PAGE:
Francis and Joy found each other late in life. Widowed and alone, having suffered but not yet ready to give up on joy, they gave each other everything they had: themselves.
Together, Francis and Joy dug a meaningful and beautiful life out of Uganda’s red dirt. They learned to laugh even when they were hungry. They learned to put other people first. They learned that love could carry them when all else failed.
And slowly, as all else did fail, they learned to lean on each other to survive in a world full of hardship and parasites.
When Peter, a Sole Hope social worker, met Francis and Joy last week he assessed them and he came back without picking them up. “I am not so very sure she will survive the journey,” he said. “It is a risk”
But sometimes, loving people well means taking risks. When you do that, you open yourself up to the possibility of real joy. And real pain.
After consulting our doctor and nurse about Joy’s condition, it was determined that the benefits of treating her from The Outreach House outweighed the risks.
Prossy, a Sole Hope Nurse, Peter, and I got in a Sole Hope vehicle and headed out to get Francis and Joy. We traversed muddy dirt roads hour after hour. At each turn the road shrunk smaller till we were on a tiny dirt track.
When we found them they were together, pressed shoulder to shoulder, supporting each other in the dust in front of their mud and thatch home. Francis stood on wobbly legs to greet us. Joy was completely unable to walk.
And right there, in the dust and suffering, a smile split both of their faces. A warmth and joy radiated from them. A sense of complete peace in a situation that was clearly desperate.
Joy folded my hand into hers. I could feel the scars and lumps from countless jiggers. And I could feel resolve. Friends and neighbors lifted her into the vehicle and we departed.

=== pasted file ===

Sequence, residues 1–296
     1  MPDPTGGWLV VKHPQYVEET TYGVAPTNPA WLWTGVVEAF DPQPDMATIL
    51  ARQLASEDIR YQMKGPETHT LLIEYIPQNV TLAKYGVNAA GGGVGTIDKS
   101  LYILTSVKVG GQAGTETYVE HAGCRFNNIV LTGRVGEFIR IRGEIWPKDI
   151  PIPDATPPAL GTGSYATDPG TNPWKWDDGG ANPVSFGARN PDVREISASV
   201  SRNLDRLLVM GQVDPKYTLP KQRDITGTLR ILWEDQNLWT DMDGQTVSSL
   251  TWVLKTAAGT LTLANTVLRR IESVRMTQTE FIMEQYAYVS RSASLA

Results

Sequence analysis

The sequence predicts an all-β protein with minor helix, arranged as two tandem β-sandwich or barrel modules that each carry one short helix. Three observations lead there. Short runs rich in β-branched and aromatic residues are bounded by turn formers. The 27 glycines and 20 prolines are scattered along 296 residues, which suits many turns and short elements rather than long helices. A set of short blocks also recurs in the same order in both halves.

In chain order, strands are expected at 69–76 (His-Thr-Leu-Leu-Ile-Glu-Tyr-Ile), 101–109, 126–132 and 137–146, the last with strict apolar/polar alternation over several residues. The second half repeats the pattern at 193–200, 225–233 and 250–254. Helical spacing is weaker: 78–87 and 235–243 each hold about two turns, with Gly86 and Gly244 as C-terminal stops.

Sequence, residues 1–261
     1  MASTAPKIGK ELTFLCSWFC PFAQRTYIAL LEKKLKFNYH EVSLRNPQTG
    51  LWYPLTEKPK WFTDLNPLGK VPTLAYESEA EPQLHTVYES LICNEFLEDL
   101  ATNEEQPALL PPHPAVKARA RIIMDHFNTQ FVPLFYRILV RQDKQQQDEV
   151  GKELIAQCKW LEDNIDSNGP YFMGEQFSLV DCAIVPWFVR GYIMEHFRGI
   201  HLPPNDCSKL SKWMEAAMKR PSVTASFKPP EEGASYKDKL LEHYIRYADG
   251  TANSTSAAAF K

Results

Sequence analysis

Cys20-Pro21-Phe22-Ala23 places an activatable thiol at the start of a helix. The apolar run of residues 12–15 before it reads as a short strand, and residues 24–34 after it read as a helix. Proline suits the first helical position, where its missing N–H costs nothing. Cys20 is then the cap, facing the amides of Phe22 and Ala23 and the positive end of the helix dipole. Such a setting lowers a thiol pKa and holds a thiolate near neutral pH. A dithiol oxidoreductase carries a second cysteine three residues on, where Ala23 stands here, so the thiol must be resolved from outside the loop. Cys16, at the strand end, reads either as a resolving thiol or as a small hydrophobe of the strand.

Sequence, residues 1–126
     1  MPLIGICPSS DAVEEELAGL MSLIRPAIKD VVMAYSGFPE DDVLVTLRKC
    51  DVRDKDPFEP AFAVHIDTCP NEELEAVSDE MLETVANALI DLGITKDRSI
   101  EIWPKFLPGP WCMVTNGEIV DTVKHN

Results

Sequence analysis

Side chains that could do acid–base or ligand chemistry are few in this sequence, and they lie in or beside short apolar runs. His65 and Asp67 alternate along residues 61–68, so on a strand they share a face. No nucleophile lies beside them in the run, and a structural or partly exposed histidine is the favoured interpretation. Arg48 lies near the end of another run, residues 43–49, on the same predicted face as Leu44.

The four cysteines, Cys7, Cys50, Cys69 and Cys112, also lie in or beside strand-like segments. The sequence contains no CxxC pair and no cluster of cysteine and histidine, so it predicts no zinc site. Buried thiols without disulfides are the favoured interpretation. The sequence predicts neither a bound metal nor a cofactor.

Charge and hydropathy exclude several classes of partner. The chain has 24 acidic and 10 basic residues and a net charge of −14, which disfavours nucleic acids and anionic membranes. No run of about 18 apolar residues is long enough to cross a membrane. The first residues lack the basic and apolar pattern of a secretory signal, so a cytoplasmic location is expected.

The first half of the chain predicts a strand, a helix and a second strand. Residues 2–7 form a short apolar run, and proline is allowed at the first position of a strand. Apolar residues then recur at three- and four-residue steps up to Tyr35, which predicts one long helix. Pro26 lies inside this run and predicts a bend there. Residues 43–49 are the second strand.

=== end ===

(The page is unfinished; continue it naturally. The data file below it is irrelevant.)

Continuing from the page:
There are many misconceptions about jiggers. There are misconceptions about where they come from. Francis told us a story that has circulated in their community about them being the result of a curse that has plagued the land since a time when there was no king.
There are misconceptions about how jiggers should be treated. Joy’s feet and legs were scarred by over a thousand jiggers, but she had recently smeared her skin with poison to kill the parasites. Most of them had died and were rotting inside her.
While Joy stayed with us she exuded thankfulness and optimism, even in the face of crushing physical maladies. As we called in doctors and took Joy from hospital to hospital she smiled and thanked us at every step. And for a while, Joy improved. She learned to walk again, spending hours per day slowly and carefully putting one foot in front of the other.
And then she stopped improving. And her condition turned for the worse.
Today Joy died. She slipped away in a nearby hospital with a Sole Hope nurse by her side.
Loving people well is a risk. When you open your heart and share life with a person you open yourself up to tremendous joy. You open yourself up to real pain. For us here at Sole Hope, this experience has been both joyful and heartbreaking.
And it’s been an honor. It was an honor to stand with Joy during her last days on earth, sharing smiles and tea. It will be an honor to stand with Francis tomorrow as he buries Joy in the earth of the fields where she grew up. And it’s an honor to continue our work, joining our hearts with people in need, even when it hurts.
Note: Names have been changed to protect our patients’ privacy.